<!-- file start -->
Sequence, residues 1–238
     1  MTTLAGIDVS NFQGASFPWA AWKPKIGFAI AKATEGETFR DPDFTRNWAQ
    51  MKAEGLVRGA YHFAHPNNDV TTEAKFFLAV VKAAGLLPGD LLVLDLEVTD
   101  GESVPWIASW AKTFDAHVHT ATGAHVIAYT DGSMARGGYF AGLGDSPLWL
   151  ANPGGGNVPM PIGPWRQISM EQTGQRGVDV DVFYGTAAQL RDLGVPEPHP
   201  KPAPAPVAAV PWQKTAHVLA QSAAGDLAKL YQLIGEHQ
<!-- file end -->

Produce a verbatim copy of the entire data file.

Sequence, residues 1–238
     1  MTTLAGIDVS NFQGASFPWA AWKPKIGFAI AKATEGETFR DPDFTRNWAQ
    51  MKAEGLVRGA YHFAHPNNDV TTEAKFFLAV VKAAGLLPGD LLVLDLEVTD
   101  GESVPWIASW AKTFDAHVHT ATGAHVIAYT DGSMARGGYF AGLGDSPLWL
   151  ANPGGGNVPM PIGPWRQISM EQTGQRGVDV DVFYGTAAQL RDLGVPEPHP
   201  KPAPAPVAAV PWQKTAHVLA QSAAGDLAKL YQLIGEHQ